back to article Google to sell replacement Pixel phone parts via iFixit

In a nod to right-to-repair efforts, Google is partnering with iFixit to offer spare parts for its Pixel smartphones dating all the way back to 2017. Genuine Pixel parts will be in stock for iFixit customers in the US, UK, Canada, Australia, and EU countries that sell Pixels "later this year." Parts will be available for …

  1. Anonymous Coward


    I can see two things coming out of this, neither is sustainability.

    First, this is Google's defense against right to repair laws. They can legitimately say that they allow users to repair their phones.

    But I wonder if there's a second, more profitable angle? They sell the user the parts, the user messes up, and Google then charges the user for a factory repair or even a new phone if the user manages to brick theirs.

    1. goldcd

      I think you're being over-cynical

      Providing ifixits guides with google's parts - gives a pretty damn good mechanism to let you repair your phone.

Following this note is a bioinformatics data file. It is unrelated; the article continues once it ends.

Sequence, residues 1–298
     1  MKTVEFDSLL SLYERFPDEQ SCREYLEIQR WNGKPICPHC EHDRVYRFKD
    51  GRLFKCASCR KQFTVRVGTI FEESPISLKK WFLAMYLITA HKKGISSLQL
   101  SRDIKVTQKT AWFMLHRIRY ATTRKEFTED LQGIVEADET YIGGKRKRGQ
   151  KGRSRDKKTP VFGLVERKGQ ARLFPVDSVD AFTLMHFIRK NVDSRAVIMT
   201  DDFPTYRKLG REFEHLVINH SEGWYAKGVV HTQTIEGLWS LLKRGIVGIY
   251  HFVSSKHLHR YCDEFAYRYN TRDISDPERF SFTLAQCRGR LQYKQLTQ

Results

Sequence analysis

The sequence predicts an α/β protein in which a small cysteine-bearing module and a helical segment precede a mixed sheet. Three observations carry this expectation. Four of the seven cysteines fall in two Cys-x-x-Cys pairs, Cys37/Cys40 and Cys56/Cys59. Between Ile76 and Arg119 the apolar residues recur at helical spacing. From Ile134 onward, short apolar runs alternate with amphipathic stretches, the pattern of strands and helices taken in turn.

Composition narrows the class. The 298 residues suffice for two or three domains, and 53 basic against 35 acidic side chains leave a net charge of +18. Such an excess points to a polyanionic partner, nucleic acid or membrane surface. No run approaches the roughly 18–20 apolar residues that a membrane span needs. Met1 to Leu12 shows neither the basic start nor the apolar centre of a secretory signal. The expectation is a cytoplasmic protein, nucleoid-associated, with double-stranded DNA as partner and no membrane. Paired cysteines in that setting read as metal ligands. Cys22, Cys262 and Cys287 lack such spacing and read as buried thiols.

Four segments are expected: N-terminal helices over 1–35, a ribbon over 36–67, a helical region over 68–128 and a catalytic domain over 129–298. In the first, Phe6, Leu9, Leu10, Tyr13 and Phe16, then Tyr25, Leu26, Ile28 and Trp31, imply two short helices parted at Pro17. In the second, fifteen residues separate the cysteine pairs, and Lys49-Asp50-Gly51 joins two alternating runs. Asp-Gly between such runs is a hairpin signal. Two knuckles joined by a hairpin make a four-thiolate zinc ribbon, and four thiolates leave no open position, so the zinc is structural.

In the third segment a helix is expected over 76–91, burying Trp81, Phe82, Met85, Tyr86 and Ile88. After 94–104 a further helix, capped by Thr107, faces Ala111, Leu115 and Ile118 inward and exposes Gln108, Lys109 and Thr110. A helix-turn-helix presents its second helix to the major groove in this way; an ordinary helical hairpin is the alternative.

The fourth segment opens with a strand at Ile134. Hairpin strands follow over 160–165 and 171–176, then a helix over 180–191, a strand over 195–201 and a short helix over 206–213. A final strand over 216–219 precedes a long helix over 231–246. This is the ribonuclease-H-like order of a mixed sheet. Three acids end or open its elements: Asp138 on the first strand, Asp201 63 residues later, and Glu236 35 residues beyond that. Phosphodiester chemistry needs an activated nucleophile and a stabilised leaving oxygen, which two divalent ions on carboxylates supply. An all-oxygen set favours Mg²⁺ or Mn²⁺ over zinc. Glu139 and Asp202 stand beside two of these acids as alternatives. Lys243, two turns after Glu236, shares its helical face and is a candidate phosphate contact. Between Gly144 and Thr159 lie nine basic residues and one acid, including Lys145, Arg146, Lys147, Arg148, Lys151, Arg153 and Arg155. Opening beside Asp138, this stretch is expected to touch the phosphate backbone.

My guess is that repairing phones has never been a profit centre (even for apple with their battery swaps) - the fight within the coporations has been between planned obsolescence and buying the latest version.

      Pendulum has been swinging back against this for numerous reasons - there's the right to repair lobby, there's the decreasing levels of progress between the yearly updates - and maybe more importantly the shift from making money from the hardware to the services that can be sold over it.

      1. DS999 Silver badge

        Re: I think you're being over-cynical

        Yeah I don't know where people get this idea that repairs of smartphones is some huge profit center. In reality it is something the vendors didn't want to support because it isn't worth the hassle. Apple provides repair service at their stores not because they rake in millions from it, but because that's kind of necessary if you want to sell AppleCare - and buyers of products that are sold as "premium" expect to have some sort of all encompassing premium warranty option. They said they wanted to model the experience on buying a higher end car, so you have the showroom, the service center, the "comprehensive insurance" available with repairs that include loaner "vehicle" if it can't be done while you wait, etc.